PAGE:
“If somebody put this complex in front of me right now without adding any context, any history, I would consider it a really strong piece of architecture. They are iconic buildings that embed the Modernist idea of the right to a home — a home for everyone. At the time it was conceived, the complex was very positive, optimistic and progressive. It embodies the idea of the megastructure as the mechanism that can solve the pressing problem of overpopulation and saturation of the city center. The urban planning for the development of the area also testifies to that optimism, with all the roads named after leftist, Socialist or Marxist Italian figures. The interior courtyard and shape of the sail combines the most humble and lively moment of Naples life — the vicolo (narrow street) — with the city’s opulent iconography of the water. But the complex was cursed. It wasn’t built as specified; value-engineering changed the structure and reduced the interior courtyards, therefore limiting the amount of light. None of the planned public spaces, amenities, schools or offices were ever constructed. The buildings were squatted even before completion. The Camorra installed gates and blocked the police from entering. For me it is important to recognize that the Vele is not a failure of the architecture, but rather a failure in execution and management. Demolition is often an attempt to sweep things under the carpet, and that doesn’t seem like the right way to learn from the past.”





“Tempelhof is one of the really great buildings of the modern age, and yet it is inevitable that it is not necessarily celebrated by everyone. Its architect, Ernst Sagebiel, studied under the Jewish master Erich Mendelsohn but later served the Nazis. It was adjacent to a concentration camp that held journalists, politicians, Jews and other so-called ‘undesirables,’ so it is redolent with all the most negative associations. Like a pendulum, it served the purposes of the fascist regime and then became a lifeline with the airlifts of 1948 and 1949 that delivered food to the people of West Berlin. The airport is full of contradictions and paradoxes. It has an austere facade, which is not so fascist, and could almost appear in Sweden. The back is a sweeping, cantilevered curve. It soars. If you were transported there and were to walk under that cantilever, you would be awestruck. The architecture is heroic, not in a pompous, empty, vacuous sense, but as engineering that really lifts the spirit. Monuments, if you trace their ancestry, can reveal disturbing things about the past. Nonetheless, they have enduring qualities which, viewed on their own merits, are perhaps an example to us.”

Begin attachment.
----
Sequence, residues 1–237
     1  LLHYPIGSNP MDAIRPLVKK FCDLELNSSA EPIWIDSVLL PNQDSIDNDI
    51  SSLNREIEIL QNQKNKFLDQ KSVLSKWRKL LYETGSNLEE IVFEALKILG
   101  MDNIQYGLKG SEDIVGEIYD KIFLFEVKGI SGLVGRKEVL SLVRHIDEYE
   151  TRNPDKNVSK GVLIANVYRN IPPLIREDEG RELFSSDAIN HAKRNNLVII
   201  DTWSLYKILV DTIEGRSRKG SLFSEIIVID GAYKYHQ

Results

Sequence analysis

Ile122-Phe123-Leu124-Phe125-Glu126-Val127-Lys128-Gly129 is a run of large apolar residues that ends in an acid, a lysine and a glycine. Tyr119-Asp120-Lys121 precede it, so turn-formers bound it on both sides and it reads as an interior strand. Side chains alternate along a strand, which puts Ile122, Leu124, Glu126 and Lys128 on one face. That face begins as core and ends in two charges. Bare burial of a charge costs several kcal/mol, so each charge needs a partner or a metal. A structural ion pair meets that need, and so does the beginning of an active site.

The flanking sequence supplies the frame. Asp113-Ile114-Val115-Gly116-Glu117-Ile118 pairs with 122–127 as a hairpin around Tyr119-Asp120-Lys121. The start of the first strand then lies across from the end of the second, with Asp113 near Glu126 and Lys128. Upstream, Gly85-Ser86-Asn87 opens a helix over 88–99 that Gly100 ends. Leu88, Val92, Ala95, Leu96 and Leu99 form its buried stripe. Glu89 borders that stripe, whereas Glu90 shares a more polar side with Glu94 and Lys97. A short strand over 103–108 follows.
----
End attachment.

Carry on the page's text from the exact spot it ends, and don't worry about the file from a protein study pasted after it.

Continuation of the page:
“What fascinates me is that in its time the BT Tower was a building that was entirely about its function as a telecommunications tower: Its purpose was its height. Now, without the satellite dishes, that purpose is redundant. It’s lost a lot of its visual and symbolic power. I was 10 when it was finished in 1965 and it was the tallest building in London for many years. It was a marker of arrival if you were coming from the north. That, in the context of London’s skyline now, is extraordinary. It was the first building with an observation deck — that way of engaging with the city was actually pioneered by the tower. It had a restaurant that wasn’t particularly expensive. High rises today are about exploiting the skyline for private gain. But Londoners are capable of being nostalgic too: We have a power station that is now a modern art gallery. I wonder if the satellites and antennae shouldn’t be reinstated to communicate its purpose as an enduring symbol of the moment in the 1960s when technology propelled Britain onto the international stage. It’s a reminder. It holds so much meaning in an elegant slender cylinder.”





“I admire its boldness and openness as a building that participates with — and is woven into — its city, its place, its time. It was without any respect for the environment, a cultural factory where you could observe important modern art collections, a superexpressive, very colorful, complex building. It was seen as a rejection of the neighborhood, the Marais, and of Paris itself. Paris stands for French stone and light gray rooftops and beautiful natural colors, and all of a sudden you have got this architectural machine. On the other hand, the building has this democratic purpose because it attracts how many millions every year. I couldn’t take my eyes off it when I was studying architecture. It reversed the typical model of a museum into something that was engaging and inviting to the public. Architecture at that time needed to do things differently, like a shock. The shock liberates a lot of emotions and perceptions.”